What are the signs that there might be a bubble in the stock market? In investing, patterns repeat. We have seen these signs before during past bubbles, and now they are all present again.
1. Securities are purchased based on belief rather than thorough analysis
You might be asking yourself: “Gee, how much thorough analysis does the typical investor actually do in normal times?” Fair question. However, there is a difference between skimping on analysis and not considering it important enough to even bother.
This sign refers to which part of the brain investors are using to make decisions: the part they use to figure out which refrigerator offers the best value for the money, or the one that makes some of their heads turn when a really attractive sports car drives by.
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2. A narrow group of companies or business models is perceived to be so valuable that any company that is seen as belonging to this group is valued at extraordinary levels
In the 1920s it was the radio stocks. In the 1960s it was the conglomerates and the Nifty Fifty. In the 1990s it was the Internet stocks. Now it’s “platform companies.” Most companies that have an “aaS” attached, which stands for “as a Service” have been getting bid up to very high multiples of revenue.
Some of them might warrant that price tag and more. Ohers will probably disappoint. That’s not the point. The point is that mere membership in this “club” confers a status that quickly translates into a substantial valuation premium.
Incidentally, you don’t need to be an actual software company or be offering a related service to claim membership. You probably have heard of a mundane real-estate company that recently tried and failed to go public, temporarily achieving astronomical valuation, which tried to pitch itself as a real-estate platform comparable to Amazon’s AWS business. That might have been a bridge too far, even for the current market environment.
If you want to check out how it happened the last time around, just over 20 years ago, search for a paper titled “A Rose . com By Any Other Name.” As for how it ended, most of you won’t need to do any online searches as this event is still imprinted in investors’ collective psyche.
3. Company “stories” become more impactful than financial results
The human brain is very susceptible to behavioral biases. One of them is a preference for stories over hard facts. They capture a different part of our brain, and turn off the cold, analytical machinery of the mind that might warn us that something is amiss.
Incidentally, many of the current market darlings don’t have amazing financials to lean on. What they do have is stories, and perhaps some period of revenue growth which is yet to translate into substantial profits. So which do you think will help them promote their stock: the stories or the numbers?
4. Charismatic leaders tell the faithful about a far-out bright future far removed from current reality
CEOs who can’t point to years of substantial Cash Flow or sustainably high Returns on Invested Capital (ROIC), usually prefer not to talk about current results too much. Instead, they would rather you focus on tomorrow. Or more perhaps on 5 or 10 years out.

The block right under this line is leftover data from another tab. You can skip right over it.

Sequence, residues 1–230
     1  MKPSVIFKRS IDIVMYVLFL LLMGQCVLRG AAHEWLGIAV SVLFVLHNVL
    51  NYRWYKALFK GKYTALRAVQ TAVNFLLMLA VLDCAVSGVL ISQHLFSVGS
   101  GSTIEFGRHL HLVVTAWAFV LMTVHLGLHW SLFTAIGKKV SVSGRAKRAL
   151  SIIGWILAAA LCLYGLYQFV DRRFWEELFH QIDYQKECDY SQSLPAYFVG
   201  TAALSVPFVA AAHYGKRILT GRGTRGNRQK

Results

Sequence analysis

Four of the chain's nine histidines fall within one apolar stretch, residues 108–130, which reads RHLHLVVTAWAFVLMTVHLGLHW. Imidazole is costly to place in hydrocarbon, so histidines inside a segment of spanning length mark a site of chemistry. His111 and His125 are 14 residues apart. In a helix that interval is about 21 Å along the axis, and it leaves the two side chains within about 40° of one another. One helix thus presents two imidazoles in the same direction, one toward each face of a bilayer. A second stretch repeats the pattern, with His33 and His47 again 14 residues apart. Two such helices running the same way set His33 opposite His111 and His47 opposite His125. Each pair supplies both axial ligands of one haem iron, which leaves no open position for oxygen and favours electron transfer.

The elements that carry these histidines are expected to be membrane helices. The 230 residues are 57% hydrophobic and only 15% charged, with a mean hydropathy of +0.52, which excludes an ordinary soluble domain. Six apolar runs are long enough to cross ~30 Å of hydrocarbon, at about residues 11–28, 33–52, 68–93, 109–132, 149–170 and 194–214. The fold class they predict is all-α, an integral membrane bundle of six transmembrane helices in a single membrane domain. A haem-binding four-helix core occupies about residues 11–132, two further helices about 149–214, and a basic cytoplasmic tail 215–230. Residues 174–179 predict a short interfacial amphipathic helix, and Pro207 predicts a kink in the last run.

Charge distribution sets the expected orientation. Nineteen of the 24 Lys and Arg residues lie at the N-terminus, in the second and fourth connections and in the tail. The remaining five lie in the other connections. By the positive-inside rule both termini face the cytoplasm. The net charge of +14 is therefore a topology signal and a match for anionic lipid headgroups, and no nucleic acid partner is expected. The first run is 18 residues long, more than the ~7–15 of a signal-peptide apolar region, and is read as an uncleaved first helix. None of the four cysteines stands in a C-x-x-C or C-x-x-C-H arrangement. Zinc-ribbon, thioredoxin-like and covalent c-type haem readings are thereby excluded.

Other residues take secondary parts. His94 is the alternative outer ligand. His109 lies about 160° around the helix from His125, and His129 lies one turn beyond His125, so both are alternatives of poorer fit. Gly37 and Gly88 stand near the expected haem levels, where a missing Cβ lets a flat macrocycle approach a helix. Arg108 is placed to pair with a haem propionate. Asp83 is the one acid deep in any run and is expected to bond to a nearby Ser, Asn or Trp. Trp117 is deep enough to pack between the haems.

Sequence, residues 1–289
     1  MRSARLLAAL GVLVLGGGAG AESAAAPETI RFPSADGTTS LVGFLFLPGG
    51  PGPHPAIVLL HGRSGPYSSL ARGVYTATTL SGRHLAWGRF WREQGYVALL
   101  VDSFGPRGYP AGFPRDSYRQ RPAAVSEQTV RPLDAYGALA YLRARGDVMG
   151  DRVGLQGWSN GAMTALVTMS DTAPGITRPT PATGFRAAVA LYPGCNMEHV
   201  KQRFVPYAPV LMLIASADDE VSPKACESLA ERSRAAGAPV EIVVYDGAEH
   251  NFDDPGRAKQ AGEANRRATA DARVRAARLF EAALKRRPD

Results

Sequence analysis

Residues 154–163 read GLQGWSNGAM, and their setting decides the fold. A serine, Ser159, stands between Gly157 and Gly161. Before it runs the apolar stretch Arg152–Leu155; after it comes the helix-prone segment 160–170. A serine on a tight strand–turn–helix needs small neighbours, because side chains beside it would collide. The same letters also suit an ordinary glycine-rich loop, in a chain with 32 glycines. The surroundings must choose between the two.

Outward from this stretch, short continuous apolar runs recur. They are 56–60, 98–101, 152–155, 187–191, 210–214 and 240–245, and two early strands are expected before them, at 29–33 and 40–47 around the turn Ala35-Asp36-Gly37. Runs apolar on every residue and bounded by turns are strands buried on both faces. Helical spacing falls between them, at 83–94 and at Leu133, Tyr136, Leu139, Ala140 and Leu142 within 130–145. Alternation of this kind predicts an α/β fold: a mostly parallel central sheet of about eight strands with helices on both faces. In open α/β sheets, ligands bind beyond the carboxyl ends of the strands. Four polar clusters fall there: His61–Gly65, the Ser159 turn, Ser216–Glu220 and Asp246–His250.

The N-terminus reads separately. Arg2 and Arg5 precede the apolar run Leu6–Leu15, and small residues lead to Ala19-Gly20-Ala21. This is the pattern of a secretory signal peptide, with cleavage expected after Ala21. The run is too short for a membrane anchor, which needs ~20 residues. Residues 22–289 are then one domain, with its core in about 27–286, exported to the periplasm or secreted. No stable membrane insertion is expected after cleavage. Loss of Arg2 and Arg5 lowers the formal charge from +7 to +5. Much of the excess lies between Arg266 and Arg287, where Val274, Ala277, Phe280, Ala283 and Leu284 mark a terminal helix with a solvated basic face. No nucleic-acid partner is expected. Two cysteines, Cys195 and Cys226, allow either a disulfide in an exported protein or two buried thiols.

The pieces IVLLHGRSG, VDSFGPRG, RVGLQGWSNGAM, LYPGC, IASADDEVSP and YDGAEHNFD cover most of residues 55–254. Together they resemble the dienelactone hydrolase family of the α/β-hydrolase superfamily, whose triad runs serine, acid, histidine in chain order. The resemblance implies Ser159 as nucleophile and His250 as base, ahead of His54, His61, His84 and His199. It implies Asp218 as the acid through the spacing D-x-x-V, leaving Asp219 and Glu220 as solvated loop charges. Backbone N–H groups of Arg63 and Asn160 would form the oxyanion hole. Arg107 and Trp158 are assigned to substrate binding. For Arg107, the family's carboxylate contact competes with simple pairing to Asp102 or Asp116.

They are eager to tell you about the castles they will build and the industries they will conquer. Maybe they will, or maybe they won’t. The fact that they are successfully shifting investors’ attention to hopes and dreams that are far removed from the current results speaks volumes about the current stock market environment.
5. Doubters have been wrong for a long time and are largely disregarded as people who “just don’t get it”
I started my investing career at one of the largest mutual fund firms in 2001. As I joined, a crop of grizzled value portfolio managers had just been replaced. They no longer “got it.” The “new economy” was too hard for them to wrap their inflexible minds around. They were replaced with younger growth-oriented analysts, for whom this was a promotion and a chance to prove their mettle. Suffice is to say that it didn’t work out well.
When a group of people have been warning about danger for a prolonged period of time, a certain fatigue sets it. Kind of like the story about the boy who cried wolf. Maybe there is no wolf after all? Or maybe it’s just a cuddly puppy and these crazy people are just not seeing it for what it is?
Ironically, in stock market as prices rise higher and higher without the fundamental to support that increase, the longer the warnings have been sounded and ignored, the more relevant they become. Only they do not appear so. These naysayers become largely discredited and ignored. Usually just as what they have been warning about is on the cusp of wiping out a large chunk of investors’ portfolios…
The specifics change, but the general pattern reoccurs throughout investing history. The most expensive words in investing is “this time is different.” Yet investors think and say these words every few decades. In large part, they do this because every time is different. The details change. What doesn’t change is that in the long-term, stock prices are determined by weighing the cash flow streams of the underlying companies, not by stories or by popularity of these companies for a period of time with investors.
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